Confederate Ironclad 1861-65
Every aspect of Confederate ironclads is covered: design, construction, armor, armament, life on board, strategy, tactics, and actual combat actions.
Wolf of the Deep: Raphael Semmes and the Notorious Confederate Raider CSS Alabama
In July 1862, the Confederate captain Raphael Semmes received orders to report to Liverpool, where he would take command of a secret new British-built steam warship. His mission: to prey on Union commercial vessels and undermine the North's ability to continue the war
When Federal warships steamed into Mobile Bay on the morning of 5 August 1864, Confederate Admiral Franklin Buchanan stationed CSS Tennessee, his flagship, and her unarmored consorts, gunboats Morgan , Gaines and Selma , at the head of the channel. As the enemy moved up, exchanging fire with Fort Morgan, Buchanan's ships shot at them from ahead. The Union monitor Tecumseh, maneuvering to engage the Tennessee , struck a mine and sank, temporarily throwing the Federal column into confusion. Rear Admiral Farragut's flagship, USS Hartford , forged ahead and drove off the Confederate gunboats, but Tennessee remained in the battle zone, firing on the U.S. Navy ships as they passed and doing considerable damage to the last in line, USS Oneida.
With the enemy was safely inside Mobile Bay, Buchanan understood that the Confederate forts at the bay's entrance would soon be untenable unless the Union ships could somehow be destroyed. In a desperate, solitary effort, Tennessee steamed toward Farragut's ships. As she slowly moved along, the sloops of war USS Monongahela and Lackawanna repeatedly rammed her, doing more damage to themselves than to their target.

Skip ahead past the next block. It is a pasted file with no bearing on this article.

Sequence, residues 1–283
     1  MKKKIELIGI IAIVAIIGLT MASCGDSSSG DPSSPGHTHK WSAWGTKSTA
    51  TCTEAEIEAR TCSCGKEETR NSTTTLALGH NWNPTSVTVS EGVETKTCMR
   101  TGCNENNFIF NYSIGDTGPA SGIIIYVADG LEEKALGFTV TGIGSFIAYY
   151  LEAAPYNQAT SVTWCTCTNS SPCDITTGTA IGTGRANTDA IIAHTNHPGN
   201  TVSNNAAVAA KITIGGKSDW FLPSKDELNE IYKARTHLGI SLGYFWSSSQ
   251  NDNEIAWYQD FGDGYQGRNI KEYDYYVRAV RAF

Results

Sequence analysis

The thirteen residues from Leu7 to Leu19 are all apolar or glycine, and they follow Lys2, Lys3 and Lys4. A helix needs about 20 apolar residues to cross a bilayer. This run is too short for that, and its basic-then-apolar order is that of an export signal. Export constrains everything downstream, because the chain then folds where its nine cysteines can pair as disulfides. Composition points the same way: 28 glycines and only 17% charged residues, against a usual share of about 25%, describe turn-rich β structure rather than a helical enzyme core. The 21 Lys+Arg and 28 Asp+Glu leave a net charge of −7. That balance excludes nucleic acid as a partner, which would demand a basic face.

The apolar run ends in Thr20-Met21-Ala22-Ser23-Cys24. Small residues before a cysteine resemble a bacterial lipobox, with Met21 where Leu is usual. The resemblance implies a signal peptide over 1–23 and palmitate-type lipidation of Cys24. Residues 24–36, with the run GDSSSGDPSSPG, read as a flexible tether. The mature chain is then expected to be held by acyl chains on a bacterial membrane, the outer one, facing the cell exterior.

When Tennessee reached the Federal anchorage area, she was also rammed by the Hartford and subjected to a terrific cannonade. The U.S. monitors Chickasaw and Manhattan then engaged her at close range with their heavy guns, while other Union ships fired from a distance. Tennessee's smokestack and most other exposed fittings were hammered away, further reducing her never very great speed; her gunport shutter chains were cut, closing the ports so the Confederates could not shoot back; and her exposed steering chains were severed, leaving her unmanageable. The Manhattan blew a hole in Tennessee's armor with her massive fifteen-inch gun. The twin-turret monitor Chickasaw stationed herself off the beleagered ship's stern, firing her eleven-inch guns "like pocket pistols" and seriously weakening the after end of Tennessee's armored casemate.
This view depicts, none too accurately, the CSS Tennessee in the center at the time she surrendered, surrounded by the Union warships. The latter include (at right) the twin-turret monitors Chickasaw and Winnebago at right. One of the single-turret monitors would be Manhattan . There was no second single-turret monitor present at this stage of the battle. The large ship in the left foreground is presumably USS Hartford . Fort Morgan is shown in the right distance